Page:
Wandering In Torquay

We ate PICT0010, we walked around Torquay’s harbor and did all manner of window shopping before we stopped off at the Living Coasts (with my pics on Flickr) and wandered through that “coastal zoo”. We have been busy! I also stopped off at a bar and had a “Devon cream tea”, consisting of 2 scones, jam, devon clotted cream and a pot of tea. It was AMAZING. I may be hooked!! After all that, I took a nap and then Bobbi and I went down to dinner at the conference. It was an international buffet, which was good (not as good as last night, but what can you do?). We discussed library differences between UK and US libraries (not so many?) and had a good time. Now it is almost 11pm and I’m ready for bed!

Traveling Fool – my pics of my journey from Missouri to Torquay, Devon, UK. Long and arduous – but totally worth it! I’m off to the 2nd conference reception and dinner – the first (last night) was freakin’ awesome, so I’m looking forward to tonight. More later!

Connections Conference, Take 1

Oh! I like 45 minute breaks between classes – it allows me time to blog! This morning, I skipped the very first class (on campus-wide alert systems, by the people who managed Virginia Tech’s system) in order to get ready for my session. Sorry to anyone who wanted to learn more about how V Tech coped with the shooter tragedy last year.
My session was the second of the day and it went very well. The participants were active and asked great questions, as well as suggesting great ideas for mashups (maps of school bus routes, maps of school sporting events, maps of campus with pictures of the buildings in the descriptions and using Google’s directions feature to get from one building to another, etc.). The wireless kept going down during the session time, but we just did the ideas/questions part of the session while it was down and did the demonstration of Popfly, Pipes and Google Maps while it was up.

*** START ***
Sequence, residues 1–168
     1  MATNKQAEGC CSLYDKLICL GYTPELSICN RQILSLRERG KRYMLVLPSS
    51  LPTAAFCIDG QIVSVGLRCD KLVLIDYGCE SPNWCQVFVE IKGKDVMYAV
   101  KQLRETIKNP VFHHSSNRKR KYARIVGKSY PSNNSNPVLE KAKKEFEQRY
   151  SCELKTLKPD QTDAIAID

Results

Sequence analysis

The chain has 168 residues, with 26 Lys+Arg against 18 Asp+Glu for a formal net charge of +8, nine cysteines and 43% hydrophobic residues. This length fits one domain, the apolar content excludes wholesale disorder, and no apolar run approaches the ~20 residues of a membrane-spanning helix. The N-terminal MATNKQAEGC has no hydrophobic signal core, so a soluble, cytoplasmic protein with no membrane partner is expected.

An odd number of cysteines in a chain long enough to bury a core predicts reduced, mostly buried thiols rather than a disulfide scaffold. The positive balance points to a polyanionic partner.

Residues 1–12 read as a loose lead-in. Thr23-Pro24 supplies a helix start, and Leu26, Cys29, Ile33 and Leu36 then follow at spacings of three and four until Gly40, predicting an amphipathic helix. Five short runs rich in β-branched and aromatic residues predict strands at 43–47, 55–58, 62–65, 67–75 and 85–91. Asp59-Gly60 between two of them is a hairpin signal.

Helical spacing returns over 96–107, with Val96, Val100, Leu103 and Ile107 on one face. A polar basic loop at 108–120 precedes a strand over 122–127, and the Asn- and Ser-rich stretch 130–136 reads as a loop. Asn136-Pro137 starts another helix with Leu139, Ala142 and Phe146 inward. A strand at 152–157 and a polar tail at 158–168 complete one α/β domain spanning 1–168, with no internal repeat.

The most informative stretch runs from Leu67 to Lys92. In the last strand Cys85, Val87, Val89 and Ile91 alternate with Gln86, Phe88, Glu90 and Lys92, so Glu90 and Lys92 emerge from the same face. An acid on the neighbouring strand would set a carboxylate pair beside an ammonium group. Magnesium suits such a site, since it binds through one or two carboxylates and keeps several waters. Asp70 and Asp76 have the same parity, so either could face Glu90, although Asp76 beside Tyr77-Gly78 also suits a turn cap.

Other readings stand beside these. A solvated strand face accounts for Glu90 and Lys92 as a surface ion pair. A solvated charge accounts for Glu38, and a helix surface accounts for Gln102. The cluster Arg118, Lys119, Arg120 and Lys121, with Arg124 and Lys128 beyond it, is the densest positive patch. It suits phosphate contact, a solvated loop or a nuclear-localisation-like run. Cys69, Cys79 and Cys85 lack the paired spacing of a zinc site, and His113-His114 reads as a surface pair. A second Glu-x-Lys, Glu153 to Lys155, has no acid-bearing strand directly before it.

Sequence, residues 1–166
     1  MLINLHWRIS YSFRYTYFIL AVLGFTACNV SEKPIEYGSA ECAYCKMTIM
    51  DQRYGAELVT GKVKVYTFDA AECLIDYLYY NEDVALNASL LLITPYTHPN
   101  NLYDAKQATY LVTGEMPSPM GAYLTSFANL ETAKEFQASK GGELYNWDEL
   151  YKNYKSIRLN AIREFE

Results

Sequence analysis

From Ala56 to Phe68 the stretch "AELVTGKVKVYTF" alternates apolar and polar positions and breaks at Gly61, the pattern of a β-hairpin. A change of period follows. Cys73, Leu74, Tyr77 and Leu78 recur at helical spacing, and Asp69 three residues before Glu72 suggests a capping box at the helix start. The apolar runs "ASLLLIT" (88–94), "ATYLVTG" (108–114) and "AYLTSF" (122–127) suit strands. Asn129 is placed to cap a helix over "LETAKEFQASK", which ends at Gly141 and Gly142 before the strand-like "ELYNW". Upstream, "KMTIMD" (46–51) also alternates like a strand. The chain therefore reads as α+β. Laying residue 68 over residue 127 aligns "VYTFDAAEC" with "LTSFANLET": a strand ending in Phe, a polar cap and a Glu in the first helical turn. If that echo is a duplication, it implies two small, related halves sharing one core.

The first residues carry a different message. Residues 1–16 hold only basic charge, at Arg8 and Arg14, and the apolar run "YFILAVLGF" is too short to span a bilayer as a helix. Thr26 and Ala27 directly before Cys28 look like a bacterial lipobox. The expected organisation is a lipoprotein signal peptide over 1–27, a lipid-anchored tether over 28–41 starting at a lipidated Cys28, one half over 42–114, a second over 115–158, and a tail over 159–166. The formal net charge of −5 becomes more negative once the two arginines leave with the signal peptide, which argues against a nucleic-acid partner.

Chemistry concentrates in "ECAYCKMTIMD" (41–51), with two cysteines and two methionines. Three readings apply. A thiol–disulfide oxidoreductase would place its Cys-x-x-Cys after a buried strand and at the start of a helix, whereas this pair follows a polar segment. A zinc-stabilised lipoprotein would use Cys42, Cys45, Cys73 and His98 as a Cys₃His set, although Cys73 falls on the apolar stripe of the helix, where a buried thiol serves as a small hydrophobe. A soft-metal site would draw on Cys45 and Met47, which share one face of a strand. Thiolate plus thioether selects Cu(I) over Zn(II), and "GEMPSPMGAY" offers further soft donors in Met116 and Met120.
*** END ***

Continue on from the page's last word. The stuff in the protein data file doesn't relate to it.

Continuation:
The third session was on disaster recovery. I have some work to do when I get back… There were some great bits of info in that session, all of which mean more work for Nikki & I! Asset tracking and the transition of disaster recovery planning to business continuity planning were the main themes. The presenter, an employee of Springnet – the part of Springfield’s utility service that handles telecommunications and data services – was really thorough about covering the requirements for a good BCP (Business Continuity Plan) and had several good ideas, including getting pictures or video of the server room to document exactly what was in there in a visual, quick-to-access way.
Nikki has been attending some good sessions as well. She’s covered planning ahead with public access PCs, Web 2.0 and securing public access PCs. She’s saying that she’s learning lots and is pretty excited about the conference and what she’s getting out of it.

Next is “real world wireless implementations”, which is apparently aimed at beginners who are in the planning phase of wireless, but might have some good info anyway. If it doesn’t, I’ll skip out early and come back to the room to rest before tearing up the Texas Hold ’em tournament tonight!
More later!!


Something crazy happened when I updated WordPress to version 2.5 this afternoon – all my categories ran away. I imagine this will cause some issues until I go through and recategorize ALL my posts, but until then, please bear with me!